Chicago has two primary airports, O'Hare International Airport and Midway International Airport.
Both are linked to the Loop by frequently running local trains. The links in the Trains section
below provide detailed map and schedule information for all train lines.
Chicago's official aviation site, FlyChicago, provides airport maps, flight status, carrier service
lists by airport and weather information:
There are several local train lines identified by color as well as the terminal points of the
line. Rates are reasonable. A single fare is $2.75 per person and allows transfers at any station
that services multiple lines. There are several stations that service multiple lines so make sure to
pay attention to the line information on the train that you're boarding. The final destination in
the direction of travel is displayed in white on the front of the train and the side of each car.
The background color represents the color of the particular train line. There are maps of the train
system in each car so you can track your progress through individual stops. Each stop is announced
prior to arrival and clearly marked on station signage.
Both of Chicago's major airports are linked by local train to the Loop. The blue line services the
O'Hare/Loop route. The Orange Line covers the Midway/Loop route. Maps and schedules are available
via the following link.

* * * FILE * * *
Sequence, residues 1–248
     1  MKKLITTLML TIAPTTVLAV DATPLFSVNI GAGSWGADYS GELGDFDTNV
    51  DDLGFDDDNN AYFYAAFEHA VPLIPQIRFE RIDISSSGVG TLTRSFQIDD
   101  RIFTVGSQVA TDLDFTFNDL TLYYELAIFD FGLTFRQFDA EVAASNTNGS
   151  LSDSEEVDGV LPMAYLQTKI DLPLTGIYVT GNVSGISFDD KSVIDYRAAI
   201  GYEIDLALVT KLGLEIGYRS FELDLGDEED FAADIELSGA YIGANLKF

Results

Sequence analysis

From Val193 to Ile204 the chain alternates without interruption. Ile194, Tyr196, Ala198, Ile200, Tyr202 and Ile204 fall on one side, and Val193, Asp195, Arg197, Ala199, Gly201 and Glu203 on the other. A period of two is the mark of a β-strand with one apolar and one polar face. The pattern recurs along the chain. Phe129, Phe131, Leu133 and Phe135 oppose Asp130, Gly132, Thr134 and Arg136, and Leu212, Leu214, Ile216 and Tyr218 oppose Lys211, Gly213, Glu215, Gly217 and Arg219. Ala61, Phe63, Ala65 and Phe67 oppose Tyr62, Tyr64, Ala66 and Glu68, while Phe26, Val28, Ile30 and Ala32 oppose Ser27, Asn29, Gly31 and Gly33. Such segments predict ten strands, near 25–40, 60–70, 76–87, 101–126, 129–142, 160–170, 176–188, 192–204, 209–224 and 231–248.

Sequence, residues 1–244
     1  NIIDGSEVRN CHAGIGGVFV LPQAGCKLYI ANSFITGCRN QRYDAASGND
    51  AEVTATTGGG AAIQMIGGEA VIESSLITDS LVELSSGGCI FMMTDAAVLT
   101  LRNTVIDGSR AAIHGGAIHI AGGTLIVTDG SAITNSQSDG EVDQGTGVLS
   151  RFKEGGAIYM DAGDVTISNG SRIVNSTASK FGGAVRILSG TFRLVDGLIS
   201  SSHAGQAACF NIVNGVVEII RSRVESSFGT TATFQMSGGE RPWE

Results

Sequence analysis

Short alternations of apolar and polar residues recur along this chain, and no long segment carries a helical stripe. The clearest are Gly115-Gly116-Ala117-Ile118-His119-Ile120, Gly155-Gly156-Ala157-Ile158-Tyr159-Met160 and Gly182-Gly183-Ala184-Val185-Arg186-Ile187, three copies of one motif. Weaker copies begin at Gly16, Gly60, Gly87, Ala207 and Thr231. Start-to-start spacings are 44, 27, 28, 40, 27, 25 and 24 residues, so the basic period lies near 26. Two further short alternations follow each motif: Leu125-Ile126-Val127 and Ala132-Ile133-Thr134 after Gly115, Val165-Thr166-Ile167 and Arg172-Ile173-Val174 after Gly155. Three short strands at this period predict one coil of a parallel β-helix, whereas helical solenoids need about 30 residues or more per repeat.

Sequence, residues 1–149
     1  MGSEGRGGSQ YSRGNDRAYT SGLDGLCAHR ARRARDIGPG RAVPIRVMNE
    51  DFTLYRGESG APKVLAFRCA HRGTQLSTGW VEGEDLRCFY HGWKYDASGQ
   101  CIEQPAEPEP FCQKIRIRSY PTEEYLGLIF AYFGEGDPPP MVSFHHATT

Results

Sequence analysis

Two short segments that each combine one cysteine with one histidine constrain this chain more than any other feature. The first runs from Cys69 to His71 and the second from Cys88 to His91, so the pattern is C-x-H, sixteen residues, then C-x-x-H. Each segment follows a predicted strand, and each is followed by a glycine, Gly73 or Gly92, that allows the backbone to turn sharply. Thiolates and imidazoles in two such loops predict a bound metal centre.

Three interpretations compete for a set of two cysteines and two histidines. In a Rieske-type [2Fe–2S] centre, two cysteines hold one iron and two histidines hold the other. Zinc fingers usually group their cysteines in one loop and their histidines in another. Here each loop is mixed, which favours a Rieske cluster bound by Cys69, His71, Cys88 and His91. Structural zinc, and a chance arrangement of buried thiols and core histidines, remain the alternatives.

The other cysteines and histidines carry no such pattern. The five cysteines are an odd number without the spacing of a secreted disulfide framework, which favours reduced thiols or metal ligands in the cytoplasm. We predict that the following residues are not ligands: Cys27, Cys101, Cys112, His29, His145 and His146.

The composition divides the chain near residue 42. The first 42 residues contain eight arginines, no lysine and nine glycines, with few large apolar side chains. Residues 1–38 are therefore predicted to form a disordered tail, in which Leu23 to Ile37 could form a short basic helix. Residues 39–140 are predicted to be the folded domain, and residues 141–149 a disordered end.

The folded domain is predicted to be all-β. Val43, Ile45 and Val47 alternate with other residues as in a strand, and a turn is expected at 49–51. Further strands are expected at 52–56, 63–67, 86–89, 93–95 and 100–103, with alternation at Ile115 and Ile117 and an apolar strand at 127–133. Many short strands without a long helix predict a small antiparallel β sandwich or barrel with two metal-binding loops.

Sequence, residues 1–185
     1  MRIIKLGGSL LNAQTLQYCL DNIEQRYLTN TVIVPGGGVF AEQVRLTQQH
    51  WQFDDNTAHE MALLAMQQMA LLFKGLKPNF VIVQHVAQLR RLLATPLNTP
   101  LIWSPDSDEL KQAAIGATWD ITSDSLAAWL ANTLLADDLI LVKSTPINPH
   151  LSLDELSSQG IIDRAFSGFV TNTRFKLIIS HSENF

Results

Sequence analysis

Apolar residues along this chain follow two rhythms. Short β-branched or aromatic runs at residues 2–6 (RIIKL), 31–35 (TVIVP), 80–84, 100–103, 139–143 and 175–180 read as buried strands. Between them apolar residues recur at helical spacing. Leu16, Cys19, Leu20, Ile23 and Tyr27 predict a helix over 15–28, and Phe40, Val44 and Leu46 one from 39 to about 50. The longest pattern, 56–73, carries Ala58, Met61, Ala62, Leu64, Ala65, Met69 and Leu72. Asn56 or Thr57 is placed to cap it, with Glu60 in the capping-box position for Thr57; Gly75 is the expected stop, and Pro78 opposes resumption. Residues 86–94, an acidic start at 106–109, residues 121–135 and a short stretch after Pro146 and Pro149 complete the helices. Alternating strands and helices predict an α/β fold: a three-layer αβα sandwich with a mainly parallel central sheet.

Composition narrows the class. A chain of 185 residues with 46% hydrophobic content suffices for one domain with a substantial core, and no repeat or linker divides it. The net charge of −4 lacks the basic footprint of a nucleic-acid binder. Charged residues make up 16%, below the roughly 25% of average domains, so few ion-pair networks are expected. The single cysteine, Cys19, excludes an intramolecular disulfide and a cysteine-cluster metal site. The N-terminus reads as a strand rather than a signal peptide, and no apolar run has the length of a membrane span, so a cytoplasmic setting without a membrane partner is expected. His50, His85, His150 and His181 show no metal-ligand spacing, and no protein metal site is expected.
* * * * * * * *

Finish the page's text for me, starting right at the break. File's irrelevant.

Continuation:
CTA - Chicago Transit Authority
You'll have no problem hailing a taxi or booking an uber/lyft around tourist locations,
transportation hubs and popular nightlife/dining venues.
Taxis in Chicago are closely regulated. Each car must sport a silver medallion on the hood and driver
identification badges should be clearly displayed within the cab. The picture on the badge should
match your driver. Make sure to note the driver's badge number and the cab number to report a bad
experience. Rates are tracked by sealed boxes that are inspected by the city regularly for
Never accept a ride from anyone offering taxi services inside of the airport. If you want to take a
taxi from the airport, follow the taxi signage at the baggage terminal to the taxi queue. An airport
employee will flag down a taxi and assign the individuals in line to a taxi when it arrives. There
are some fixed fare options when traveling between the airports and the Loop. These rates should be
clearly posted in the cab. Make sure to let your driver know if you want to use that option before
you begin your trip.
The only specified taxi queues in Chicago are outside of the airport. If you've already ventured into
the city book your pickup online, have your hotel concierge turn on a taxi light or hail a taxi on the
street. It's a good idea to notice if cabs frequent the area where you're staying before you need one to
determine whether you should make arrangements or test your luck. If the light on the top of the car is
on, the taxi is free. If it's off, someone beat you to the punch and you'll have to wait for another car
that's not occupied.
Unless you're using the Airport/Loop flat rate option mentioned above, the meter should be started